Are you complying with the Red Flags Rule?

The Red Flags Rule requires many businesses and organizations to implement a written Identity Theft Prevention Program designed to detect the warning signs — or “red flags” — of identity theft in their day-to-day operations. Below are excerpts that pertain to businesses that probably are not aware they fall under the Red Flags Rule.

What types of businesses and organizations are covered by the Red Flags Rule?

    The Rule applies to both  “financial institutions” and “creditors.” It’s important to look closely at how the Rule defines those terms because they apply to groups that might not typically use those words to describe themselves. Whether your business or organization is a financial institution or creditor isn’t based on the line of work you’re in, but rather on whether your activities fall within the definitions in the law. The Red Flags Rule gives examples of businesses and organizations that probably are covered, but the list isn’t exhaustive. 

    Under the Rule, the definition of “creditor” is broad, and includes businesses or organizations that regularly provide goods or services first and allow customers to pay later. Examples of groups that may fall within this definition are utilities, health care providers, lawyers, accountants, and other professionals, and telecommunications companies. The definition also covers businesses or organizations that regularly grant loans, arrange for loans or the extension of credit, or make credit decisions. Examples include finance companies, mortgage brokers, and automobile dealers or retailers that offer financing or collect or process credit applications for third party lenders. In addition, the definition includes anyone who regularly participates in the decision to extend, renew, or continue credit, including setting the terms of credit. For example, a third-party debt collector who regularly renegotiates the terms of a debt would be a creditor under the Rule.

RED FLAG RULE FAQ

Do all creditors and financial institutions need to have a written Identity Theft Prevention Program?

    If you have covered accounts, you must develop and implement a written Program to detect and respond to the red flags of identity theft — taking into consideration the nature of your business and the risks you face — and update your Program periodically. If you don’t have any covered accounts, you don’t need a written Program, but you still need to conduct periodic risk assessments to determine if you’ve acquired any covered accounts through changes to your business.

Only creditors and financial institutions that have “covered accounts” need a Program. Once you’ve determined you’re a creditor or financial institution under the Red Flags Rule, the next step is to figure out if you have any covered accounts. The Rule defines that term as either: 1) consumer accounts designed to permit multiple payments or transactions, or 2) any other account that presents a reasonably foreseeable risk from identity theft.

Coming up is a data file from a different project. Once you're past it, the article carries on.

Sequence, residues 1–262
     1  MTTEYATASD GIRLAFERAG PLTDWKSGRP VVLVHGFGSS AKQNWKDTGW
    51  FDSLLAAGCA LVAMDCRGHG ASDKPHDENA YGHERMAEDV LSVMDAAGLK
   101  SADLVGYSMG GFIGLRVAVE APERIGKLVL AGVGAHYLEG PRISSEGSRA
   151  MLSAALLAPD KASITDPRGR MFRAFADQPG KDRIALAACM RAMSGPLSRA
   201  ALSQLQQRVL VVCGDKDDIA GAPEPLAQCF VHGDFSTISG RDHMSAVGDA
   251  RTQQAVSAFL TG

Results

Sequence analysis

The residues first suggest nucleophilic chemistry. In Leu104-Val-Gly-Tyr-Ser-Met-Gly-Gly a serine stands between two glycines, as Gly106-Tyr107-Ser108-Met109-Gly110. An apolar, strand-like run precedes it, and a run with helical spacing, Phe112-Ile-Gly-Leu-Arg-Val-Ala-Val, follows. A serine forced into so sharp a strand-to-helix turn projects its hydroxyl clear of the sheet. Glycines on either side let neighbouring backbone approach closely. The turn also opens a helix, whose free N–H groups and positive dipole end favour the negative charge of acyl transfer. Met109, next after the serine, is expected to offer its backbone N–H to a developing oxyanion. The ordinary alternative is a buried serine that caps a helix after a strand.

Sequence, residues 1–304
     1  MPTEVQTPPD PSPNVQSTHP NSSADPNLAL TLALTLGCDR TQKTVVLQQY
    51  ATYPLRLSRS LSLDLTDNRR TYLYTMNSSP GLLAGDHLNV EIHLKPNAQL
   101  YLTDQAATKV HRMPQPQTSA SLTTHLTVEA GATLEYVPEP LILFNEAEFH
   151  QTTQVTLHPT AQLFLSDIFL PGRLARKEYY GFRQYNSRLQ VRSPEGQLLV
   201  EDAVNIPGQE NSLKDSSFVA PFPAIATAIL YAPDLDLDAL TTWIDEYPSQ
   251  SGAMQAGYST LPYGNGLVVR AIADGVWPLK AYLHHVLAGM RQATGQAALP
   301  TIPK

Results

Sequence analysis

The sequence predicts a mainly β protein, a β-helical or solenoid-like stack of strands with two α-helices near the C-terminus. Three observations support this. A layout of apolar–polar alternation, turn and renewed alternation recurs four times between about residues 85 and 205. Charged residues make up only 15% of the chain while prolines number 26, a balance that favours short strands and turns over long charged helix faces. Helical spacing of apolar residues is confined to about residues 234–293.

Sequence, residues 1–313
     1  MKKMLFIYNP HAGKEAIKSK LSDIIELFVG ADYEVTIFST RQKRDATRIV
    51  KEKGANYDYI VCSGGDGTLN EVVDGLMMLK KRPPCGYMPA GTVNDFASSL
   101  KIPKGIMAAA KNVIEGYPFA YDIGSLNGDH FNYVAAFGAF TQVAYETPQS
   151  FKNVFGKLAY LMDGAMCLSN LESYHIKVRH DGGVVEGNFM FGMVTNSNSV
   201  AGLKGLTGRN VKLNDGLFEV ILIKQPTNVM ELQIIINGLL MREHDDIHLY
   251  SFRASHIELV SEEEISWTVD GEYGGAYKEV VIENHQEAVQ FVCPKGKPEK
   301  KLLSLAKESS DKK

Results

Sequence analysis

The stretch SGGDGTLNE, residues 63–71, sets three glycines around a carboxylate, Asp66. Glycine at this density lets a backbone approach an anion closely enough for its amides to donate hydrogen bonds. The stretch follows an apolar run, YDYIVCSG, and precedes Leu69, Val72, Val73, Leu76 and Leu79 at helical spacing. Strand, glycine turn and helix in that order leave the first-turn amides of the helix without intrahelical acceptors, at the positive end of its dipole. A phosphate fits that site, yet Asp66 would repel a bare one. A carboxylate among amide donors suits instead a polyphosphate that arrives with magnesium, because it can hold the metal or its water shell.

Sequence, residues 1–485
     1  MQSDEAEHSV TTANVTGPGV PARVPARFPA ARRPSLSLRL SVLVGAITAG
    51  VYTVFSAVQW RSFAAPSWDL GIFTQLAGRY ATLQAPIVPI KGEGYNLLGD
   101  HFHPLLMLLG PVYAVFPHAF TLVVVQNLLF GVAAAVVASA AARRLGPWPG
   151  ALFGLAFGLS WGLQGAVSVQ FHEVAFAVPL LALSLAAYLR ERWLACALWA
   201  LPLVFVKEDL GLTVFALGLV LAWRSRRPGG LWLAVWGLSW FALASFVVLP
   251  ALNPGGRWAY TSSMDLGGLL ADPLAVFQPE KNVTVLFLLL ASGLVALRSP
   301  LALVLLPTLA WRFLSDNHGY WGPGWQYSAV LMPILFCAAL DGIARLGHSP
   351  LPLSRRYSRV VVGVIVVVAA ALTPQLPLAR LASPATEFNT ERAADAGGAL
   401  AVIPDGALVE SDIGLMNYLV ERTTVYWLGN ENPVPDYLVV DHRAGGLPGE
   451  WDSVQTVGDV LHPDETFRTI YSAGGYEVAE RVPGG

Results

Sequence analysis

Am I a creditor under the Rule if I extend credit to other businesses?

    Yes, you’re a creditor whether you have consumer or business customers.
    It depends. If you’re a creditor with only business-to-business accounts, you have to assess whether those accounts pose a reasonably foreseeable risk from identity theft. If they do, they’re “covered accounts” under the Rule.

Do I have covered accounts if I’m a business creditor?

Are you covered by the Red Flags Rule? Download the PDF Fighting Fraud with the Red Flags Rule: A How-To Guide for Business to:

By identifying red flags in advance, you’ll be better equipped to spot suspicious patterns when they arise and take steps to prevent a red flag from escalating into a costly episode of identity theft. Take advantage of other resources on this site to educate your employees and colleagues about complying with the Red Flags Rule.

Fighting Fraud with the Red Flags Rule: A How-To Guide for Businesses PDF All About Red Flags Video Do-It-Yourself Template for Businesses at Low Risk PDF

Red Flag Program Clarification Act of 2010 final bill

Text of the final Red Flag Program Clarification Act of 2010 bill sent to President Obama for signature. The purpose is to amend the Fair Credit Reporting Act with respect to the applicability of identity theft guidelines, primarily to reduce the burden on small businesses.

H.R.6420
Latest Title: Red Flag Program Clarification Act of 2010
Sponsor: Rep Adler, John H. [NJ-3] (introduced 11/17/2010)      Cosponsors (2)
Related Bills: S.3987
Latest Major Action: 11/17/2010 Referred to House committee. Status: Referred to the House Committee on Financial Services.